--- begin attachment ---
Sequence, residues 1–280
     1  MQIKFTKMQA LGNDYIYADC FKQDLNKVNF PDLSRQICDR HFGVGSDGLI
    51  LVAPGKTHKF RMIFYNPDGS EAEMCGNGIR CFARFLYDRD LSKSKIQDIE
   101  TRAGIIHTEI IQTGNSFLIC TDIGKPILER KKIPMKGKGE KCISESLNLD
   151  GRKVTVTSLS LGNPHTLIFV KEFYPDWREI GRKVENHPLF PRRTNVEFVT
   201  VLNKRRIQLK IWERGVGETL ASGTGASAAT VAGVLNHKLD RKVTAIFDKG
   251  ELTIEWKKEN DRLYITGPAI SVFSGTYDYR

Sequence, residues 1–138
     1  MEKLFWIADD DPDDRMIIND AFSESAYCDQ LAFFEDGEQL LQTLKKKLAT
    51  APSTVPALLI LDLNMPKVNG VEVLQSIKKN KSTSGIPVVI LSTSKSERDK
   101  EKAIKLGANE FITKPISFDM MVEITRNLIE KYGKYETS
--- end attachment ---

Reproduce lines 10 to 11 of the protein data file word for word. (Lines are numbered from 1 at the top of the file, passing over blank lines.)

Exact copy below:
    51  APSTVPALLI LDLNMPKVNG VEVLQSIKKN KSTSGIPVVI LSTSKSERDK
   101  EKAIKLGANE FITKPISFDM MVEITRNLIE KYGKYETS